FOR 35 years, Van Morrison has carved a unique musical niche. Though the hit singles have been rare since his early days, his fame has been assured by that very uniqueness and the loyalty of his fan base.
Gone are the days when Mr. Morrison released albums at the clip of three every two years, but the 53-year-old Irish bard is still good for a sumptuous album every other year. Back On Top, his first disc on the Virgin Records label, is no exception.
Fans will get what they have come to expect from the best of Van the Man’s work for the past two decades. That means a 50-50 blend of rhythmic and grooving mid-tempo pieces on the one hand, and gorgeously textured soulful ballads on the other.
The mid-tempo songs exhibit some more musical variety than has sometimes been the case lately. There are plain blues stompers like the album opener, Go Down Geneva, and examples of horn-rich rhythm and blues in Precious Time and Back on Top.
There are also neat stylistic tangents, however, that harken back to some of his earlier work in the folk rock song High Summer and in Russian Roulette, itself reminiscent of the pop-style song New Biography.
As for the ballads, they are simply beautiful showcases of Mr. Morrison’s singularly gifted singing. Philosopher’s Stone, and In the Midnight, which appear early on the album, are gems. Later tracks like the love-lost lament waltz Reminds Me of You and the contemplative, melodic When the Leaves Come Falling Down are true diamonds.
Musical backing is better than has often been the case with recent Van Morrison albums. Players include sax legend Pee Wee Ellis and veteran session player Geraint Watkins on organ. Backing vocalist Brian Kennedy, whose wispy voice was used in useless and annoying parroting of Van Morrison’s lead vocals on recent albums, is put to much better use here with crisp, accurate harmonies. Better still, Van Morrison’s daughter Shana, who did backing vocals for him for much of the 1990s, is nowhere to be heard this time around.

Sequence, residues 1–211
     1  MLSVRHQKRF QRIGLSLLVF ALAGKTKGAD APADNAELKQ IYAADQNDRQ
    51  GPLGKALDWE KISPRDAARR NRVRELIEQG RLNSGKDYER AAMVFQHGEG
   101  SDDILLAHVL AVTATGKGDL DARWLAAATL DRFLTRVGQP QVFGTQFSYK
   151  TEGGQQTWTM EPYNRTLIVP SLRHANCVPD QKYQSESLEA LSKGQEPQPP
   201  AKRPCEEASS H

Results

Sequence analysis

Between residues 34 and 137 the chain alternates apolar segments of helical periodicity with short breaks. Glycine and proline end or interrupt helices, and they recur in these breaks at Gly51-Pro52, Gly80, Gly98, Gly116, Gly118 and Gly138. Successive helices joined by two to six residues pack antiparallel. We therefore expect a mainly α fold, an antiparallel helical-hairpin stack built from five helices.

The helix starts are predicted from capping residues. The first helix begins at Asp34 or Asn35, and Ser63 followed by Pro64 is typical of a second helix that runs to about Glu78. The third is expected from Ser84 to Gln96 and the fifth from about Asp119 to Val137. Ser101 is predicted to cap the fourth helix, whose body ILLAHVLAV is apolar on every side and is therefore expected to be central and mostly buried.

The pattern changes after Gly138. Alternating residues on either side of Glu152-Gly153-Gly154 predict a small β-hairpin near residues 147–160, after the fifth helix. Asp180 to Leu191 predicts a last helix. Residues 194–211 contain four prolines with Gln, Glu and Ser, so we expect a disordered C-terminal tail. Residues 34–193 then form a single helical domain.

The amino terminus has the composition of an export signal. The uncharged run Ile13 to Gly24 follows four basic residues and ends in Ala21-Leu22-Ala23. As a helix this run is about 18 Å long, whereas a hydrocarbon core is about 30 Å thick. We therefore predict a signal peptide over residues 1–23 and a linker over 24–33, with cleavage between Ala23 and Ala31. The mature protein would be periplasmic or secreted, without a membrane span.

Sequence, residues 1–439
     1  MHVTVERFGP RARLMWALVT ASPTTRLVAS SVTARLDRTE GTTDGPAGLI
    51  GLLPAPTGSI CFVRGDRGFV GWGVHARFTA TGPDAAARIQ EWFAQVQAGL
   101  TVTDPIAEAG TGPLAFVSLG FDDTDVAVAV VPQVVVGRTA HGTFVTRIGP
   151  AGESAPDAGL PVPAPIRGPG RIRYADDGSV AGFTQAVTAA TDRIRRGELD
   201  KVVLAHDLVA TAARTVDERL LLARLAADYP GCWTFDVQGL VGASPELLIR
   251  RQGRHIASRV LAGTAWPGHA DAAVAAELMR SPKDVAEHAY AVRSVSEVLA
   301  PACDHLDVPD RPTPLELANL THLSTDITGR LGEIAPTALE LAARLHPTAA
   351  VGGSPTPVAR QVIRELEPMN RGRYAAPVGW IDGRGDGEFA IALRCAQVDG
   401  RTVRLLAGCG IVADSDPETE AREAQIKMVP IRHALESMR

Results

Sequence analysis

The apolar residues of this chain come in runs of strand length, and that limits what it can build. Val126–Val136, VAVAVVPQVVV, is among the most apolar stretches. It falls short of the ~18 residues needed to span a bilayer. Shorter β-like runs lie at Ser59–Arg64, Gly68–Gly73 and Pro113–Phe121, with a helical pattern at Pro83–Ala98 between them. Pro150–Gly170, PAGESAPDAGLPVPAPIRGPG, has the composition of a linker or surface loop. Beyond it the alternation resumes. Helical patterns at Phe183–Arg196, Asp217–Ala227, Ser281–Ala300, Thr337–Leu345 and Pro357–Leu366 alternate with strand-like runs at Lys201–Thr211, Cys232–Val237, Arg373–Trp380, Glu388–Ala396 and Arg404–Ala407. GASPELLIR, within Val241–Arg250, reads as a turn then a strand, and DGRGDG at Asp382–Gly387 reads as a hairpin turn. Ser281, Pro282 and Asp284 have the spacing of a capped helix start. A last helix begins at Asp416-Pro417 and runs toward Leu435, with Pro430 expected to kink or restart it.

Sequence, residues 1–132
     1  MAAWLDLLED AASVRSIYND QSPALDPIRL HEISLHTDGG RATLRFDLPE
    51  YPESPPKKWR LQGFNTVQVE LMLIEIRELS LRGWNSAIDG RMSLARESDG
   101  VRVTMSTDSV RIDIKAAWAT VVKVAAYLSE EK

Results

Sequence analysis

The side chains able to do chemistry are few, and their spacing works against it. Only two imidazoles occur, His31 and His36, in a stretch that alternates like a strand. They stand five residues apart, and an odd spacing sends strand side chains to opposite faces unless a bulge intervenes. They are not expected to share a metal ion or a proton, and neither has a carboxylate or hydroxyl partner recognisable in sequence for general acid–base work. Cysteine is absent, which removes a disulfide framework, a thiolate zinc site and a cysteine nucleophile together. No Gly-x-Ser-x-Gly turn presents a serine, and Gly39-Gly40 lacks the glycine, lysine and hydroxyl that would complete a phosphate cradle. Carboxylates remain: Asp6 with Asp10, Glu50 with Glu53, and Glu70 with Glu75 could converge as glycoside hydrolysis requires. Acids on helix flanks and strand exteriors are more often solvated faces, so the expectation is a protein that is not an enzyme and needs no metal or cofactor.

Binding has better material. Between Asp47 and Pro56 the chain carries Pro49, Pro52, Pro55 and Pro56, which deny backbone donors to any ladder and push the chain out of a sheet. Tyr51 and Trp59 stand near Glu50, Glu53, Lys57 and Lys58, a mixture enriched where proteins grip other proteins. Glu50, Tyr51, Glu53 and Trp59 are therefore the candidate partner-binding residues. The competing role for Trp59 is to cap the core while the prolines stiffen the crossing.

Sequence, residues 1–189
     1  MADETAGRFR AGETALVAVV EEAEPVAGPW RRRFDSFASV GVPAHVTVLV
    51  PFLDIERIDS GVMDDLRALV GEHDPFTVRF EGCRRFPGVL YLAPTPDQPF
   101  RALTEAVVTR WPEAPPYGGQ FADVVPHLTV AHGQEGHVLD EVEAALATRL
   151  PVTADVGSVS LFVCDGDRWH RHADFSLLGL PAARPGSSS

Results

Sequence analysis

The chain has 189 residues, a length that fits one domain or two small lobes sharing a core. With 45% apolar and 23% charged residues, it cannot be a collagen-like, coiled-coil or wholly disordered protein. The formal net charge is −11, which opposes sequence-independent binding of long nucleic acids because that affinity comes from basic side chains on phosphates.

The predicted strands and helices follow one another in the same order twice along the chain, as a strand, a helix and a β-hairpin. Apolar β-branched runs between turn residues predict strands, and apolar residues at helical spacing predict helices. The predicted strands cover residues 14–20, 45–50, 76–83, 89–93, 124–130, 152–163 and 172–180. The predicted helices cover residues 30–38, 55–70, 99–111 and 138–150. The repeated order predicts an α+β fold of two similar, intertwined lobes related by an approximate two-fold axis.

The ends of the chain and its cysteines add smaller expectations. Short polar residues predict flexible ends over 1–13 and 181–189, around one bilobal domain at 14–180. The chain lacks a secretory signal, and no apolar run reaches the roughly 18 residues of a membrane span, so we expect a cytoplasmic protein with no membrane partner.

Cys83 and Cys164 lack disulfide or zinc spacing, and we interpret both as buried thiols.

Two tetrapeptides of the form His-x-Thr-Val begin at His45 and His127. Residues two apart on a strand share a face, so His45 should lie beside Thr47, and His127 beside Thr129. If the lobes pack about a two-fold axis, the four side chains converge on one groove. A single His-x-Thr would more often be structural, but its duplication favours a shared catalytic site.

Lyrically, familiar Van Morrison themes are expressed. One is his uneasy relationship with fame, be it in the caustic indictment of those who betray his confidence in New Biography, or in laments of a private personality for his public life in several tracks, Go Down Geneva and Philosopher’s Stone among them.
As well, the spiritual yearning that has been part of Van Morrison’s albums from the outset – and was especially pronounced from 1979’s Into the Mystic to 1991’s Hymns to the Silence – is again a major component in Back on Top. This time, spiritual yearning finds its expression in the context of a melancholia at the passage of time, most notably on the album’s final two cuts Precious Time and Golden Autumn Day.
All in all, Van Morrison joins the Virgin Records artist roster with an album that will delight fans – both those who prefer his rhythm and blues stylings of the ’90s and those who yearned for a return of his soul-baring odes of the ’80s. That is no mean feat but he is, after all, Van the Man.
Wilfred Langmaid is Anglican chaplain of the University of New Brunswick, Fredericton, and music critic for the Fredericton Gleaner.